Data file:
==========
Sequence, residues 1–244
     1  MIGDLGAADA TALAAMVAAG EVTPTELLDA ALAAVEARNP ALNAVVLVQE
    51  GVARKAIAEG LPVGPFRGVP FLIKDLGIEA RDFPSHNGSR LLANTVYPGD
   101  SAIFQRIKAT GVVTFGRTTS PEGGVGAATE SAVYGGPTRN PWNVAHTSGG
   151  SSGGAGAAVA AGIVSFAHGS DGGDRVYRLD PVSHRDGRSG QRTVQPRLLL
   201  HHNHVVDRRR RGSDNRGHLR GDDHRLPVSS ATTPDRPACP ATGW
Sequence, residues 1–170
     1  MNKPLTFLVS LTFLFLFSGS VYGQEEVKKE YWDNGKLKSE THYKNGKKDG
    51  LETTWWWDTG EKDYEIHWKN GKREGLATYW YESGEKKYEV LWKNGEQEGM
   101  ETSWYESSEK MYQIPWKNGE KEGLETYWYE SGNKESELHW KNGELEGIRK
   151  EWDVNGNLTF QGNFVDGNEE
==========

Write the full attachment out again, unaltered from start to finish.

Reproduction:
Sequence, residues 1–244
     1  MIGDLGAADA TALAAMVAAG EVTPTELLDA ALAAVEARNP ALNAVVLVQE
    51  GVARKAIAEG LPVGPFRGVP FLIKDLGIEA RDFPSHNGSR LLANTVYPGD
   101  SAIFQRIKAT GVVTFGRTTS PEGGVGAATE SAVYGGPTRN PWNVAHTSGG
   151  SSGGAGAAVA AGIVSFAHGS DGGDRVYRLD PVSHRDGRSG QRTVQPRLLL
   201  HHNHVVDRRR RGSDNRGHLR GDDHRLPVSS ATTPDRPACP ATGW
Sequence, residues 1–170
     1  MNKPLTFLVS LTFLFLFSGS VYGQEEVKKE YWDNGKLKSE THYKNGKKDG
    51  LETTWWWDTG EKDYEIHWKN GKREGLATYW YESGEKKYEV LWKNGEQEGM
   101  ETSWYESSEK MYQIPWKNGE KEGLETYWYE SGNKESELHW KNGELEGIRK
   151  EWDVNGNLTF QGNFVDGNEE